I am regularly contacted by students in schools around the country on this great challenge. We have made some very important steps forward with the ban on some single-use plastics, and we intend to go further with such bans, and the levy on single-use carrier bags. We have, in our flagship Environment Bill, the proposal for extended producer responsibility, which will make the people who manufacture goods and use the packaging responsible for its recycling at the end of its life. That will be a significant change that will help reduce the use of plastics.
The annual scientific advice on fish stocks provided by the International Council for the Exploration of the Sea is a crucial element in determining sustainable fisheries in European waters, but there are concerns that without an independent peer review process the Government may take that wholesale without considering other elements such as social or economic concerns. What steps are the Government are taking to ensure there is a whole industry process that takes all these factors into account when determining total allowable catch and quota for the year ahead?
The UK Government work very closely with ICES. Indeed, our chief fisheries scientist at the Centre for Environment, Fisheries and Aquaculture Science is the deputy president of ICES. ICES regularly receives submissions from CEFAS, and where we believe its methodology is incorrect, wrong or missing certain things, it is often our scientists in CEFAS who help to update that information. Of course, when we set quotas annually and set our position on that, we take into account a range of factors—principally the ICES advice, but other factors as well.
Almost 60% of people in England are living in areas where levels of toxic air pollution exceeded legal limits last year. Putney High Street and other local main streets are some of the most polluted streets in the UK, so my constituents know the dangers of air pollution only too well. Why has the Secretary of State rejected every attempt to include World Health Organisation air quality targets in the Environment Bill, and will he commit to doing this when the Bill returns to the House later this year?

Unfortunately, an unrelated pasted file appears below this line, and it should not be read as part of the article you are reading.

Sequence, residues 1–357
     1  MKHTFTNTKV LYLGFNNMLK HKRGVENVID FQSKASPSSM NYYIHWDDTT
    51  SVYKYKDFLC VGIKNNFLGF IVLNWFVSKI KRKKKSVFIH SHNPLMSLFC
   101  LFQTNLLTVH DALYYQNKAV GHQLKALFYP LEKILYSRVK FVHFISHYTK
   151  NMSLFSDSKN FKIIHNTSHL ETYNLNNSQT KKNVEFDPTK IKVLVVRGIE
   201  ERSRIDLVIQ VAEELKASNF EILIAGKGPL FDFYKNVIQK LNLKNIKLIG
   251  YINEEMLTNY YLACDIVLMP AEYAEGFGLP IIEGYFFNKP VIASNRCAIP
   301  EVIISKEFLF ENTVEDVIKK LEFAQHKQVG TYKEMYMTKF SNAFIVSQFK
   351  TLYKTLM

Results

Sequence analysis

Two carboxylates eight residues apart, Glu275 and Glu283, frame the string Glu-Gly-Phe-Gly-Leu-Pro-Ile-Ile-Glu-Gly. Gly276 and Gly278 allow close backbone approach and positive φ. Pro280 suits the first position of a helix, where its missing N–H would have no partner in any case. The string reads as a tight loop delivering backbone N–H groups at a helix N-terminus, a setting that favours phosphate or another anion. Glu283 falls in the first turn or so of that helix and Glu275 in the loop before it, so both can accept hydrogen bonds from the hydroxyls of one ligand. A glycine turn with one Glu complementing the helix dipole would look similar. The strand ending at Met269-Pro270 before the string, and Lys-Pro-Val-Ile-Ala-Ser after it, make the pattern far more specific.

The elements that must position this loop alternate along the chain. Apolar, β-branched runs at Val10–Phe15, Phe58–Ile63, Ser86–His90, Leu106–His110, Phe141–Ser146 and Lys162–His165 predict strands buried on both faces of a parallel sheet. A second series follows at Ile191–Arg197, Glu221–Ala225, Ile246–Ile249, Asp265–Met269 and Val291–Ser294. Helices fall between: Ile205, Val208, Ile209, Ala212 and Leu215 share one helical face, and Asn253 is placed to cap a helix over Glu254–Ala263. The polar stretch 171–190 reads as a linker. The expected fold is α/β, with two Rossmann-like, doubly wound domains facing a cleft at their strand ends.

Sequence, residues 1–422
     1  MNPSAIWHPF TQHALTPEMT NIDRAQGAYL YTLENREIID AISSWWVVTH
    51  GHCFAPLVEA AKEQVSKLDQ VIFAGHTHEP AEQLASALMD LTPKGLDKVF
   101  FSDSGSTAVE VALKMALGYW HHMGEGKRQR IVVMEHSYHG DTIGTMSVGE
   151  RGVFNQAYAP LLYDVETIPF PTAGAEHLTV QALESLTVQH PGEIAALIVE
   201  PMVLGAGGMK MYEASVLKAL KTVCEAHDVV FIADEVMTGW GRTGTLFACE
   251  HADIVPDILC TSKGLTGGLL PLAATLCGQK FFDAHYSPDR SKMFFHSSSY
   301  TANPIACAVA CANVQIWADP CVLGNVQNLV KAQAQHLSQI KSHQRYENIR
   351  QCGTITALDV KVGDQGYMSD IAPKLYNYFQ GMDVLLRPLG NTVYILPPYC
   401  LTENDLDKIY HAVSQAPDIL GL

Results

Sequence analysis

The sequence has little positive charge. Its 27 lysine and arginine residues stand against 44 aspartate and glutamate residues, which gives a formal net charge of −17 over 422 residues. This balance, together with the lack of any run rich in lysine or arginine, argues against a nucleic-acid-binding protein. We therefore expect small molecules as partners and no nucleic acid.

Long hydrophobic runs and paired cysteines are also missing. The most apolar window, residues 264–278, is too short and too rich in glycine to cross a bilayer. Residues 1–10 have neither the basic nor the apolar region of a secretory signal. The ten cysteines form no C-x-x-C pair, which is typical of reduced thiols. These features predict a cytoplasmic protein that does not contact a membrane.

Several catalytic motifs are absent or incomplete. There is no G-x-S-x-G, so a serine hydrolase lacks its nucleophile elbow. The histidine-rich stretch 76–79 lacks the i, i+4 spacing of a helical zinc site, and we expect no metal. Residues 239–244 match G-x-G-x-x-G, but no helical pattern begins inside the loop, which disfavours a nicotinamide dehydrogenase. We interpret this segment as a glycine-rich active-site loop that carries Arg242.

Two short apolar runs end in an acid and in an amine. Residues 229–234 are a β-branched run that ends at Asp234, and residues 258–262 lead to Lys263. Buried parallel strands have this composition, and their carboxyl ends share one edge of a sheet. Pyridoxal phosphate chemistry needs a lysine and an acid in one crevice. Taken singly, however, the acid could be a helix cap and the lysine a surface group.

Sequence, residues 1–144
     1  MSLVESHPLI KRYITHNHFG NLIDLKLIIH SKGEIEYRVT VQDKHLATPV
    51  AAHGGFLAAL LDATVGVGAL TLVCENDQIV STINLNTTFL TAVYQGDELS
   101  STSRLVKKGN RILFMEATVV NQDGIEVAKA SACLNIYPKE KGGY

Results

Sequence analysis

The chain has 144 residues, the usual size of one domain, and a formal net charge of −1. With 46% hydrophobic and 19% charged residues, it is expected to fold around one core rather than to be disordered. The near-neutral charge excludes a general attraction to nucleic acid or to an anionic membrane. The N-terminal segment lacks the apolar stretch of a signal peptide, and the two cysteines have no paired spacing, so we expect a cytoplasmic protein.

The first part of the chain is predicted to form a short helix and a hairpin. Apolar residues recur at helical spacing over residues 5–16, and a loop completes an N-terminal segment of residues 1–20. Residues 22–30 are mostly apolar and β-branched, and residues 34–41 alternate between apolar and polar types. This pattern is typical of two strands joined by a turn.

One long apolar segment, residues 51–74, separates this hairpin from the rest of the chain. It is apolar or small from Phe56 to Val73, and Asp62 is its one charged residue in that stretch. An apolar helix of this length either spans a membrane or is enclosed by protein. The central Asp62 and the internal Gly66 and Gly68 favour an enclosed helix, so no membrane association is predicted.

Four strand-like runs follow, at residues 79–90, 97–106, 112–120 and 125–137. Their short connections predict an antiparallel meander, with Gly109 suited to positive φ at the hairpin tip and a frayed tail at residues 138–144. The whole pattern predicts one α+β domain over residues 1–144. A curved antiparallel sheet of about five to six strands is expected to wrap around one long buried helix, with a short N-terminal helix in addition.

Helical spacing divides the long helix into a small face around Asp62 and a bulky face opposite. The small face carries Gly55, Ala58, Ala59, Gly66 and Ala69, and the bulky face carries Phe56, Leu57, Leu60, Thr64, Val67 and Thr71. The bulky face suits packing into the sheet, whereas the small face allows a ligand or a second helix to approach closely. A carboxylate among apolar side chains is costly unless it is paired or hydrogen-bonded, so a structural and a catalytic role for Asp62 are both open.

We are doing a very detailed piece of work on all the targets we intend to set under the Environment Bill, including on air quality, but also on water, biodiversity, and waste and resource management. We are looking very closely at two particular approaches to air quality. One is a concentration target for PM2.5— and I know there have been representations from people that it should be 10 micrograms—and the other is population exposure.
We have not cancelled culling licences, but it is the case that the intensive four-year culls in many parts of the country have run their course and have therefore ended. To answer my hon. Friend’s question, we are running field trials at the moment on that DIVA test, and we plan to have that vaccine in 2025.
Shortages of workers in warehouses and food- processing centres across the UK are having a real impact on packaging food for supermarket shelves, with Tesco bosses warning that every week 48 tonnes of food is wasted. This is exacerbated by an estimated 100,000 shortage of HGV drivers. What interventions will the Secretary of State make to address this shocking state of affairs?
The Department for Transport has already announced some plans to increase the speed of driver testing and to deal with some of those logistics issues. Secondly, we are working across Government to ensure that where isolation is needed we protect particularly important strategic infrastructure.
I am sure the Secretary of State was shocked to see the huge volumes of litter left around Wembley and London’s west end after the Euro final. He referred earlier to extended producer responsibility for packaging. That seeks to put the blame for litter on manufacturers, making them responsible for the cost of the clean-up. Does he agree that this was all caused by illegal actions of the public, and while it is important to consider business responsibility, should the Government not also look to ensure that their citizens behave responsibly?
I absolutely agree with my hon. Friend. We all have a role to play in this; people should take responsibility for their litter. We have taken some steps, such as fixed penalty notices so we can issue on-the-spot fines to people who do litter, but we need a culture change in this area.